A merger of two ride-hailing services in Europe could spell more trouble for Uber as it struggles to gain market share on the continent.
Under the deal announced this week, UK-based Hailo will be absorbed by mytaxi, which is owned by Daimler, the German auto giant that is the parent company of Mercedes-Benz, among other brands.
Daimler would be 60 percent owner of the merged company, which will operate under the mytaxi name and be based in Hamburg. The companies say the new entity will offer 100,000 registered drivers in over 50 cities in nine countries in Europe — making it the largest ride-hail enterprise on the continent. Hailo operates in Britain, Ireland and Spain, while mytaxi operates in Germany, Austria, Poland, Italy, Portugal, Spain and Sweden.
The crucial difference between mytaxi and Uber — as well as other ride-hail startups that have sought to make inroads in Europe, such as Gett — is that mytaxi relies on licensed taxi drivers rather than drivers using their own cars. The app essentially serves as a means for making hailing and paying for a cab more convenient.
As such, mytaxi has not encountered the same strife that has greeted Uber across Europe, from the UK to Spain. There — as in many other countries — taxi drivers have led the opposition to Uber, pressing lawmakers to ban the company and staging protests that have at times turned violent.
Under the auspices of Daimler, one of Europe’s most venerable corporations, mytaxi has been adept at negotiating the complex regulations of the European Union, as well as those imposed by member countries.
The same can’t be said for Uber’s aggressive approach, which hasn’t played as well in Europe as it has in the United States, where the company is by far the dominant force in the ride-hailing market. Uber has faced numerous legal sanctions in Europe; two executives were arrested in Paris; it recently pulled out of Hungary after lawmakers enacted stringent laws targeting the company; and it’s currently facing a lawsuit in Britain over claims that its treatment of drivers violates employment laws.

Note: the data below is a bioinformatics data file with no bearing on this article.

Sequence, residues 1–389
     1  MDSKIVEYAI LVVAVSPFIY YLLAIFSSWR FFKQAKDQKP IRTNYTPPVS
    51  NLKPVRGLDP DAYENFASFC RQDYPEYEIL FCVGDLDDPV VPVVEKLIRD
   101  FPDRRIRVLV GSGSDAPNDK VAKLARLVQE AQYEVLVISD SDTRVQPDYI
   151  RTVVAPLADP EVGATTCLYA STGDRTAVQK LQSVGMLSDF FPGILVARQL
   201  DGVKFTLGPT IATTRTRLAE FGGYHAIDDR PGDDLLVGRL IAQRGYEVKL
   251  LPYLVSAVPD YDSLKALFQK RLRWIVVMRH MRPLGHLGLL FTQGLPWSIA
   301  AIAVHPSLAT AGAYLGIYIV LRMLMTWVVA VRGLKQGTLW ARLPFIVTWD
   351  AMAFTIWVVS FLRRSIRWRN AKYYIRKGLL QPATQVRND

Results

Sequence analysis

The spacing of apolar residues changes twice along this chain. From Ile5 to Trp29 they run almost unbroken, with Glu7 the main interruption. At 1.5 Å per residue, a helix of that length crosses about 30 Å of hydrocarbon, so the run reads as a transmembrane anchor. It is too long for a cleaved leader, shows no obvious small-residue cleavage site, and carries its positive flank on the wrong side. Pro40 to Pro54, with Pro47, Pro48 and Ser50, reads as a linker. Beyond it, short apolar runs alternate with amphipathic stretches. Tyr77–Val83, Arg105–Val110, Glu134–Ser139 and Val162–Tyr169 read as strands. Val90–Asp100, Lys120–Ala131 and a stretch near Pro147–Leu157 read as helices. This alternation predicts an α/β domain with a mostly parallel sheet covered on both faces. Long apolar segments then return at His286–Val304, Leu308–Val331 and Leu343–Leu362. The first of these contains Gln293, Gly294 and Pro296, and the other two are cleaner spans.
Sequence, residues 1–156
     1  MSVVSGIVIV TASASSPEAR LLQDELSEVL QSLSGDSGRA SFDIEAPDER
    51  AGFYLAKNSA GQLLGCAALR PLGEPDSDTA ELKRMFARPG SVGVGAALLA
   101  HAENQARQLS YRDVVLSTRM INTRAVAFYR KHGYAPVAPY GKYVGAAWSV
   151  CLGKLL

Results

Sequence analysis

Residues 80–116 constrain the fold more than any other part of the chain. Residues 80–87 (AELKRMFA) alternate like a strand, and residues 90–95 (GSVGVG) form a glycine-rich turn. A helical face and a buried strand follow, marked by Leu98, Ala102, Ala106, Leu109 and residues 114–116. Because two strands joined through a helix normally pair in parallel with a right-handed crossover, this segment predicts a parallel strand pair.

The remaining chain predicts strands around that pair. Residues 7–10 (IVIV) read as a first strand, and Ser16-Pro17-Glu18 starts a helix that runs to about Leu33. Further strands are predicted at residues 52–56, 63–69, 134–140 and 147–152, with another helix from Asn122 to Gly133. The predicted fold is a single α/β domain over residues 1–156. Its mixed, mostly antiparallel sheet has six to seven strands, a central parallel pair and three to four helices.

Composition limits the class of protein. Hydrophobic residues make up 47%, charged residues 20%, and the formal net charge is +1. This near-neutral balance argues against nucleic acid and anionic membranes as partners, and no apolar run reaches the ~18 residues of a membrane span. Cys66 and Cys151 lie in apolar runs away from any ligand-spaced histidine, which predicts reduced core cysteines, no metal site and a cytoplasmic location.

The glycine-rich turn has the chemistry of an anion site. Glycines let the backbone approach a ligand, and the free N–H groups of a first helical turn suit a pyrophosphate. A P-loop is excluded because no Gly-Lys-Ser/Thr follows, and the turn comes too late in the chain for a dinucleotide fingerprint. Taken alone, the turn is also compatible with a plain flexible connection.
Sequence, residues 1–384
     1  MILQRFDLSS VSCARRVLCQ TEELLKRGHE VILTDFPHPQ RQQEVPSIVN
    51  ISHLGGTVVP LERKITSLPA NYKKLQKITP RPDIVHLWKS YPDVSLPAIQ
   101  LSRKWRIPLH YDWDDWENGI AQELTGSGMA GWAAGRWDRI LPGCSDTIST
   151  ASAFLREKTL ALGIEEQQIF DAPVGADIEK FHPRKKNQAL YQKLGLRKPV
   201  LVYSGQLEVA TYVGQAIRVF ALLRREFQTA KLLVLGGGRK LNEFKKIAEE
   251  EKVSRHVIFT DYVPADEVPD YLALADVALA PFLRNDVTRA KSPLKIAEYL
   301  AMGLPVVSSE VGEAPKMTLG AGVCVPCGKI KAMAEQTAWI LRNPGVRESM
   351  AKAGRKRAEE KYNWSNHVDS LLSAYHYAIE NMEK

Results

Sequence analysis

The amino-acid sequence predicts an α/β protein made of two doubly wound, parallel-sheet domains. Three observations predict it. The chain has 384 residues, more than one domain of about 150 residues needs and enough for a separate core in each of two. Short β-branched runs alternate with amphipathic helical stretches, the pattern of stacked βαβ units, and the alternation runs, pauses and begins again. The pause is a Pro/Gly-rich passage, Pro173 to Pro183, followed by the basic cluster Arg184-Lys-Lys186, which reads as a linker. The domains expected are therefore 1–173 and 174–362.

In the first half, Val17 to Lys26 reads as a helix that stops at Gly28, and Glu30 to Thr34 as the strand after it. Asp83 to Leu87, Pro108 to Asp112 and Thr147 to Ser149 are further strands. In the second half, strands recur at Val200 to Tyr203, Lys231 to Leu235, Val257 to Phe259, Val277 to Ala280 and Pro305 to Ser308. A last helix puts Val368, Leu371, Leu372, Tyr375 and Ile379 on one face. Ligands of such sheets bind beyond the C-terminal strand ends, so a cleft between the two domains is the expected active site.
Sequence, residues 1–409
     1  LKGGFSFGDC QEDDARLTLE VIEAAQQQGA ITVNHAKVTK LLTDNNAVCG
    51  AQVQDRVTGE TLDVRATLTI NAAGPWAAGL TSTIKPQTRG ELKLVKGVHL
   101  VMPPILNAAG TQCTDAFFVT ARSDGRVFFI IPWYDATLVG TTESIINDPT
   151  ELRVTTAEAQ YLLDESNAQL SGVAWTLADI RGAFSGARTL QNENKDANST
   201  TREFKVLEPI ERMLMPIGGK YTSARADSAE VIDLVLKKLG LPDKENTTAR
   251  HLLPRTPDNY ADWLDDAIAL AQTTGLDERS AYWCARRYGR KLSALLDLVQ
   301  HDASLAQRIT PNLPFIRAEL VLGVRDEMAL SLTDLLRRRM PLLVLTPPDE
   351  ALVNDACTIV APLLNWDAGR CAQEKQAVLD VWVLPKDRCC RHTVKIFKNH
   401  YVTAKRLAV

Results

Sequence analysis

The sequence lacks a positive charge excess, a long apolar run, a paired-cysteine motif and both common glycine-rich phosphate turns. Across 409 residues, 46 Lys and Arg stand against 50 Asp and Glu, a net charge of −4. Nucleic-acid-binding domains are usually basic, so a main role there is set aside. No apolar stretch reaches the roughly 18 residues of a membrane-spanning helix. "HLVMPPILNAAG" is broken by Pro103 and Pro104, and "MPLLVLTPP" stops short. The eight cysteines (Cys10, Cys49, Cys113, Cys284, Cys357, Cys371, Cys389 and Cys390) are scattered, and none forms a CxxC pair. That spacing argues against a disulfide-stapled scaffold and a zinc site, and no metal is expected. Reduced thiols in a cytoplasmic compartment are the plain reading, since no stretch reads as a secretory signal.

In the merger, Daimler also brings to the table significant research and development in self-driving technology, which many observers regard as the next frontier for the ride-hailing industry. The company conducted the first successful road-test last year of a Mercedes cargo truck equipped with autonomous controls. Uber is already investing considerable sums in developing self-driving cars that could supplant human drivers.
So could the Hailo-mytaxi merger mean that the company will seek to take on Uber on its home turf? That seems unlikely based on past experience. Hailo sought to muscle into the New York City market in 2013 and barely lasted a year. And mytaxi has not expanded beyond Washington, D.C.
In the U.S., at least, people don’t seem particularly eager to hail cabs with smartphone apps — not when there are already scores of Uber and Lyft drivers trolling the streets at a given time in most cities.